“Thanks to our war between wars, we are able to strike weapons that are trying to be brought into the region, balance-shifting weapons, systems that threaten us. We are striking crates at the airport, shipments,” he said.

A picture taken in January 2018 of a destroyed Palestinian Islamic Jihad tunnel, leading from Gaza into Israel, near the southern Israeli kibbutz of Kissufim. (Jack Guez/AFP/POOL)

Norkin boasted that in the past few years the IAF has also developed weapons and techniques that allow it to bomb the attack tunnels dug by terror groups from the Gaza Strip into southern Israel, including at least one at a depth of 25 meters (82 feet).

“We are succeeding in striking underground [facilities],” Norkin said.

“Most of the tunnels that were dug from Gaza into Israel were hit from the air, something that was not at our disposal in previous years,” he said.

Norkin hailed the air force’s ties to foreign militaries, which he said both strengthen its own operations and also have positive effects in the realms of diplomacy and economics, as they improve Israel’s global standing.

“We work in a network. We have an ability to operate in the airspace of Cyprus, to train in Greece, to train with other countries, including some from the [Persian] Gulf,” Norkin said, in a rare confirmation of military cooperation with Arab countries.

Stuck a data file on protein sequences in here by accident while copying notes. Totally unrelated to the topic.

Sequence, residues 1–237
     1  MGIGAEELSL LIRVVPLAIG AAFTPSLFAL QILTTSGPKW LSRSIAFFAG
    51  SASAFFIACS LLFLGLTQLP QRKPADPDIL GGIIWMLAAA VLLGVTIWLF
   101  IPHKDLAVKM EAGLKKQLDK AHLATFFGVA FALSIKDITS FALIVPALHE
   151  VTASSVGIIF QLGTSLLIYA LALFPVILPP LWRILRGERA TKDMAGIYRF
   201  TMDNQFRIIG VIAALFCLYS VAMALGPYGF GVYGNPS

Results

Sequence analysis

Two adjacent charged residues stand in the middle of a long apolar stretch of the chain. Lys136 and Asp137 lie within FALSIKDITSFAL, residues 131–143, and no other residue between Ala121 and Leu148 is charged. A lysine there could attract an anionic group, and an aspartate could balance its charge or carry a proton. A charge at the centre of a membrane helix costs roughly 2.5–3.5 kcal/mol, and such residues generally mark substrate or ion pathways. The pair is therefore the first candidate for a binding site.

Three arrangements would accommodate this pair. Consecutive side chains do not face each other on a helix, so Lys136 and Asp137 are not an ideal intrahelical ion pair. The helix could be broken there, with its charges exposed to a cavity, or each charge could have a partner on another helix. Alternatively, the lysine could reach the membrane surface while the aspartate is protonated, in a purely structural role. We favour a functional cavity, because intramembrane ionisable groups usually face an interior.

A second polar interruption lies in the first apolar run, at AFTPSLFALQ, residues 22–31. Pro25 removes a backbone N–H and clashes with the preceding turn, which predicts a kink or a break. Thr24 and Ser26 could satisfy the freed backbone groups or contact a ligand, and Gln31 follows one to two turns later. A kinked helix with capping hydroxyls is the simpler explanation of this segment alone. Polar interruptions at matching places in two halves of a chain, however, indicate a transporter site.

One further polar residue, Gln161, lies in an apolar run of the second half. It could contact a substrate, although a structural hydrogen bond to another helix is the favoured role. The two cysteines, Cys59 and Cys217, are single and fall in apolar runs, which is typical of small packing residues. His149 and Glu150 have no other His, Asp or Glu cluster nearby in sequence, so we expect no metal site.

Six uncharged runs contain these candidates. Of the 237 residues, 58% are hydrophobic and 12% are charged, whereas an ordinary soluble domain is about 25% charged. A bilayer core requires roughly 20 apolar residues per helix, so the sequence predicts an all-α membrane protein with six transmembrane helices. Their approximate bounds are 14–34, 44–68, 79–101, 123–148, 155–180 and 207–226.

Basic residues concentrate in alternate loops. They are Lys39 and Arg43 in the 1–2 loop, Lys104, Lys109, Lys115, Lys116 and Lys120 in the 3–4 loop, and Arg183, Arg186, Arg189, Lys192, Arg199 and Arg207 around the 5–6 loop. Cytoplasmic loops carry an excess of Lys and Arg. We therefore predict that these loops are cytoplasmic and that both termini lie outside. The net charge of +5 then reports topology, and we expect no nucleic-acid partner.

During his speech, the air force chief noted the deep ties between the Israeli and American air forces. He displayed a photograph taken in the air during a recent visit by the head of the US Air Force, Gen. David L. Goldfein, of the American general flying with Norkin inside an Israeli F-15 fighter jet over Jerusalem.

The IAF commander said his branch of the military would require a significant influx of money as it upgrades its aircraft.

“The next decade will be one of force-building. We will need to replace our fleet of refueling planes. We will replace our fleet of Yasur helicopters. We will purchase additional fighter jets. We will develop new munitions. This will preserve our aerial superiority in the next decade,” Norkin said.